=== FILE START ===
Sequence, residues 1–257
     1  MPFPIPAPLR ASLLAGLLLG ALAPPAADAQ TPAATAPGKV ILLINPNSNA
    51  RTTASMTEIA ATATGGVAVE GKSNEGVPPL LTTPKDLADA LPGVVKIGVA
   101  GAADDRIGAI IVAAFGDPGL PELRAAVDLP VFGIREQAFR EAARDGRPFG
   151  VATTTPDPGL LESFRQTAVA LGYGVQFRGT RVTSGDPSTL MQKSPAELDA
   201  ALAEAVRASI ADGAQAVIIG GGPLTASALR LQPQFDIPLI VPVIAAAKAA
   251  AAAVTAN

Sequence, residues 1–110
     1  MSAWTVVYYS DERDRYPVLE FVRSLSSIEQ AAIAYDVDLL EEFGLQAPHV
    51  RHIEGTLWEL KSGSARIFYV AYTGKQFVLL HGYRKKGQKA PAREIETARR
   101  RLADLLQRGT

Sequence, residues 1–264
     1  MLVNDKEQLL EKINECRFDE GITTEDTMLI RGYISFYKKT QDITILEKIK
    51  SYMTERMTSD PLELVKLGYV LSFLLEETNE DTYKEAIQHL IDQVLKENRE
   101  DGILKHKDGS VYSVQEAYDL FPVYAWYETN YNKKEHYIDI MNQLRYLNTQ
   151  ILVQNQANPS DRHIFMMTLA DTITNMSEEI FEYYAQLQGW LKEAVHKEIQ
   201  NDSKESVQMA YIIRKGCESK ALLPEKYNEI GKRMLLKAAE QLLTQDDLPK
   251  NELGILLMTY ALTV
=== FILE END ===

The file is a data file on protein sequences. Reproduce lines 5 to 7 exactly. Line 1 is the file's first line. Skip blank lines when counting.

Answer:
   151  VATTTPDPGL LESFRQTAVA LGYGVQFRGT RVTSGDPSTL MQKSPAELDA
   201  ALAEAVRASI ADGAQAVIIG GGPLTASALR LQPQFDIPLI VPVIAAAKAA
   251  AAAVTAN